During the 1950s, computers were enormously expensive valved machines largely in military service. For all that visionaries might dream of the new computer-based world, for all that some scientists and the entire media might talk of electronic brains, nobody was seriously interested in fully exploiting the device by making it smaller and cheaper. Ten years after its ideation and five years after the first machine had run, there were but 250 computers in the world. ‘For the first two decades of the existence of the high speed computer machines were so scarce and so expensive that man approached the computer the way an ancient Greek approached an oracle’ (Augarten 1984:253). As we have seen, all baby machines were strangled at birth or, like the somewhat larger Pilot Ace, never duplicated.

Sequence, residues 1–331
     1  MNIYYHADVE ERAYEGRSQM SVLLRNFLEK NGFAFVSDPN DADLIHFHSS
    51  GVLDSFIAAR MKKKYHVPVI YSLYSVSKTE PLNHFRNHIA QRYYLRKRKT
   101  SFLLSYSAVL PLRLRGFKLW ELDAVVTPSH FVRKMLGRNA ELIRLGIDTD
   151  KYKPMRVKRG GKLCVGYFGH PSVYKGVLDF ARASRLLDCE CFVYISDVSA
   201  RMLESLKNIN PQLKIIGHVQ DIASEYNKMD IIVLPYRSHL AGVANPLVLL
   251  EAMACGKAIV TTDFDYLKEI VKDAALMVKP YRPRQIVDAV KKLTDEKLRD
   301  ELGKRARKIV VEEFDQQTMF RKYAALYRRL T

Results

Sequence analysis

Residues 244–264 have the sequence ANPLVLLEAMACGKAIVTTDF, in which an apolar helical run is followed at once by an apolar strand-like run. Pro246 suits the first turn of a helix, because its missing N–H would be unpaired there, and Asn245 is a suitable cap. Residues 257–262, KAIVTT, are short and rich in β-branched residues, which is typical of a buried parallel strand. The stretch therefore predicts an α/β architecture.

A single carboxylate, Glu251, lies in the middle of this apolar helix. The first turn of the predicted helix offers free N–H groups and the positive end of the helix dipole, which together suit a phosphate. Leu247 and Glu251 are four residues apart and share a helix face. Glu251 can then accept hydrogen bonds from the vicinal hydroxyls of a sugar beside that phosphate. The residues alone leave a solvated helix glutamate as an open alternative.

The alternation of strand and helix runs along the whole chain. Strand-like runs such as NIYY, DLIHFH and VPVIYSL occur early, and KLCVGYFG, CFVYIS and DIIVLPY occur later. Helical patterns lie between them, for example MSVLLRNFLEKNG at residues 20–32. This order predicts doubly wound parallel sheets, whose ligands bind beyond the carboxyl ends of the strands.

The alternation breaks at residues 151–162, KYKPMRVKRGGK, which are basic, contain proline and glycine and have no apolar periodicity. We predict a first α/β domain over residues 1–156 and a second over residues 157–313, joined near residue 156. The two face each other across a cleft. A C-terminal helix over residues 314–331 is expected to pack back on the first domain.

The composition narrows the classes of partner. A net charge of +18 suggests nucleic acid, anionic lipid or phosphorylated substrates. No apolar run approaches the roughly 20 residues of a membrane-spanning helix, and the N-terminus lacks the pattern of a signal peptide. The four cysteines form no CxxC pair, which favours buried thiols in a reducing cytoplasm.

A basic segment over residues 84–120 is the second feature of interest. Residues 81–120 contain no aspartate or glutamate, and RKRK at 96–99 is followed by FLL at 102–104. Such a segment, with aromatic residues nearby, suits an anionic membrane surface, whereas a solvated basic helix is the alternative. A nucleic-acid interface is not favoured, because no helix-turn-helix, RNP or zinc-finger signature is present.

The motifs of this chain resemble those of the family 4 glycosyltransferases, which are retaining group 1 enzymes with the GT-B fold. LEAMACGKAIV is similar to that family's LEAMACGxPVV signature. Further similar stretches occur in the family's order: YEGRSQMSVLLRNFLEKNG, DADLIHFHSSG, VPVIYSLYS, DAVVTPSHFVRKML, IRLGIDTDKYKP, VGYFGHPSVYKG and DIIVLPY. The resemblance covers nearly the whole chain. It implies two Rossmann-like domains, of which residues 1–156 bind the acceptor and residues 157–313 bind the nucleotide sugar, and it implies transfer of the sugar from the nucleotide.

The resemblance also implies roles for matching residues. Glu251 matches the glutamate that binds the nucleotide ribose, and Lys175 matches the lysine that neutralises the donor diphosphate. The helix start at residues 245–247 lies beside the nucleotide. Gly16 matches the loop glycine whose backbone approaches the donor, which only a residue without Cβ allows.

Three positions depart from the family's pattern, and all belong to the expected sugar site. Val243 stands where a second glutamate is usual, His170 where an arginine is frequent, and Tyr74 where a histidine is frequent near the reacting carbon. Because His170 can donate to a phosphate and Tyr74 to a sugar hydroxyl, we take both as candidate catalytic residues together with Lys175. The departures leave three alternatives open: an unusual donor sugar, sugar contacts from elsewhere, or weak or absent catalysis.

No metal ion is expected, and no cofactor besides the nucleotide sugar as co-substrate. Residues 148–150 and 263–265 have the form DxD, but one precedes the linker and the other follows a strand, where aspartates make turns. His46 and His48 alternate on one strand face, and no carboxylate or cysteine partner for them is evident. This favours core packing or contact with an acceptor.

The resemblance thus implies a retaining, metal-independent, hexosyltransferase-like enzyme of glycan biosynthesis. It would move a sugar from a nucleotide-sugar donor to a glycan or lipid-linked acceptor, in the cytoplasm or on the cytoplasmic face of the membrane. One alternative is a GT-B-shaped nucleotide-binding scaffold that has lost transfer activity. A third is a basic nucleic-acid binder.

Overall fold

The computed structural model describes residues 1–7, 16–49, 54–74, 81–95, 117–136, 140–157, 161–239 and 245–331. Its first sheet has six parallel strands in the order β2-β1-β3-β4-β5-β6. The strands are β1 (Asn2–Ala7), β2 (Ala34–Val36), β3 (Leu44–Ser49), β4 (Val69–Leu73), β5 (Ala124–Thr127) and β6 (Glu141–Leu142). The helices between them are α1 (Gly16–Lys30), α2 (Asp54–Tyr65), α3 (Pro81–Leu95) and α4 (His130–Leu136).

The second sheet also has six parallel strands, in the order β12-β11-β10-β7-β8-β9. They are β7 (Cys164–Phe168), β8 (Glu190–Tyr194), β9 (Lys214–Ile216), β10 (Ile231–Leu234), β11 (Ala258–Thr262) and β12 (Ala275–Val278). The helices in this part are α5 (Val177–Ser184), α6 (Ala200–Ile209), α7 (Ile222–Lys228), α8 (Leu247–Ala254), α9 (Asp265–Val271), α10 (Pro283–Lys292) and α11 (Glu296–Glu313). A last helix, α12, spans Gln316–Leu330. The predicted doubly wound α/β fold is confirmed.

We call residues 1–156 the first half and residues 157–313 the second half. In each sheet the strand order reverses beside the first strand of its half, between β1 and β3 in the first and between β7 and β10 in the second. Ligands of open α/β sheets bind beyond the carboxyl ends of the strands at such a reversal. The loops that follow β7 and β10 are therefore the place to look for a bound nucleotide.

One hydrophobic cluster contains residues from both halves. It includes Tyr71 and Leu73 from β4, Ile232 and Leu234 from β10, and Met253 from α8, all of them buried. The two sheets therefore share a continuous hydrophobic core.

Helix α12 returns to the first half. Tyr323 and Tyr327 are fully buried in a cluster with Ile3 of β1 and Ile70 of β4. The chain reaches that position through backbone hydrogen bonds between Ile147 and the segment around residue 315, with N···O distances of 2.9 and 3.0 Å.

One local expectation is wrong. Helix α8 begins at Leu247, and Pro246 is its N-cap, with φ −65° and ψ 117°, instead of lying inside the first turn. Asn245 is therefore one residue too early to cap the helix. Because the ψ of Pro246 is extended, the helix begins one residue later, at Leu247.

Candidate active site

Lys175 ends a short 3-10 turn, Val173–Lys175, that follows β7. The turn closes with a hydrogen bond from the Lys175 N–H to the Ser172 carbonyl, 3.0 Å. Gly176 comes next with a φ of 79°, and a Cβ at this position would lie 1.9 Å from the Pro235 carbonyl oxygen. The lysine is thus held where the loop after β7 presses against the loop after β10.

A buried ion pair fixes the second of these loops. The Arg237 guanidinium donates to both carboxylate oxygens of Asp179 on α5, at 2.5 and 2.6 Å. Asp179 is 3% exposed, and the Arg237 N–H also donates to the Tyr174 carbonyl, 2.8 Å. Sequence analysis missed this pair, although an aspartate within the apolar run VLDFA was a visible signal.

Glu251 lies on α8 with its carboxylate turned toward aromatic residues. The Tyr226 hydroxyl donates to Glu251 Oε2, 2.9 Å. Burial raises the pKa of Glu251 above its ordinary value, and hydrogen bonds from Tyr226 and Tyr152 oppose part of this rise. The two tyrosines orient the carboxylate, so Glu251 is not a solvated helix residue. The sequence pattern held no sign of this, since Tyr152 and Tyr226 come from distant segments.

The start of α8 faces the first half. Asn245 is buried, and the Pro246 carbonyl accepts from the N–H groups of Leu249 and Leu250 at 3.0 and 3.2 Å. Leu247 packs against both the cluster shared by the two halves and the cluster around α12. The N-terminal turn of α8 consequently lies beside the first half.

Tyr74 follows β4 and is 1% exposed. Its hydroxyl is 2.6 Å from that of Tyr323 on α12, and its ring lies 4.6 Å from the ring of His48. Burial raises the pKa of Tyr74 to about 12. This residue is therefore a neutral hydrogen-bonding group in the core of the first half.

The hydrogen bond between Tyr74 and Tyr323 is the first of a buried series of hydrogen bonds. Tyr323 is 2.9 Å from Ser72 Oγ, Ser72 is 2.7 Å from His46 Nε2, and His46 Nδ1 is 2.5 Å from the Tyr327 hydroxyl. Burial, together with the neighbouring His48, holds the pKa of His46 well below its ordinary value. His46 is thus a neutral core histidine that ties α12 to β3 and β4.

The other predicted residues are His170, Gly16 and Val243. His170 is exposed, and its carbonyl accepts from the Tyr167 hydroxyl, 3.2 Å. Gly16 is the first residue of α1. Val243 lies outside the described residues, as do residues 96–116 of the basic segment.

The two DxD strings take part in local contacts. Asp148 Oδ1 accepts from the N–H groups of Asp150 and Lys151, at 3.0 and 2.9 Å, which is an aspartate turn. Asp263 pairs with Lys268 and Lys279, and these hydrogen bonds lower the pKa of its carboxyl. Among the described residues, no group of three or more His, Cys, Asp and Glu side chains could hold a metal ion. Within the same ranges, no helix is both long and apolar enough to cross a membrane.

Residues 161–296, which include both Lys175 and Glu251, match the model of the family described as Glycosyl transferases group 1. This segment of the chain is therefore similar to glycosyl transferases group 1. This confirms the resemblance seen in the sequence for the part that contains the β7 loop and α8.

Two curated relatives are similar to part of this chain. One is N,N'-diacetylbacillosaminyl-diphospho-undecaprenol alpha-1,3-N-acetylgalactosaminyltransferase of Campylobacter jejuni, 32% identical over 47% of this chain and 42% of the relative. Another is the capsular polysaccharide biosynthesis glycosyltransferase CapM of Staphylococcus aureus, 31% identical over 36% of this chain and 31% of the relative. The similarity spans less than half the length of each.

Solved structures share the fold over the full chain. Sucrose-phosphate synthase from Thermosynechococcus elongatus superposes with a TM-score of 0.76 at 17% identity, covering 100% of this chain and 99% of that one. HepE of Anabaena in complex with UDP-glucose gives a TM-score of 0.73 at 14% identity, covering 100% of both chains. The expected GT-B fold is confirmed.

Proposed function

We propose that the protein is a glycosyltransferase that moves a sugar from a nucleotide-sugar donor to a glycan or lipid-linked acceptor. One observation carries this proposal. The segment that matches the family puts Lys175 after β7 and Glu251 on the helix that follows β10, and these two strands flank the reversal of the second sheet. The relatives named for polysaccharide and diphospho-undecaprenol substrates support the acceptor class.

Transistors did not materially affect this. This was not because of ignorance. On the contrary, as early as 3 October 1948, within months of Bell’s announcement, Jack Good wrote in a letter to Turing: ‘Have you heard of the TRANSISTOR (or Transistor)? It is a small crystal alleged to perform nearly all the functions of a vacuum tube. It might easily be the biggest thing since the war. Is England going to get a look-in?’ (Hodges 1983:391). Nobody got a look-in, or rather looked in. For instance, a completely transistorised miniature device was built in Bell Labs before 1952 which could multiply two sixteen-digit binary numbers in 272 seconds. An obscurely titled 1952 article, ‘Regenerative Amplifier for Digital Computer Applications’, about this device concluded: ‘Transistor performance equal to that of vacuum tubes can be obtained in computer applications without sacrificing any of the obvious transistor advantages’ (Felker 1952:1596); but the machine was not only never developed, it was later totally written out of Bell’s computing history (Andrews 1963:314). In 1953, the Manchester group designed a small transistorised prototype computer and Metropolitan Vickers put it into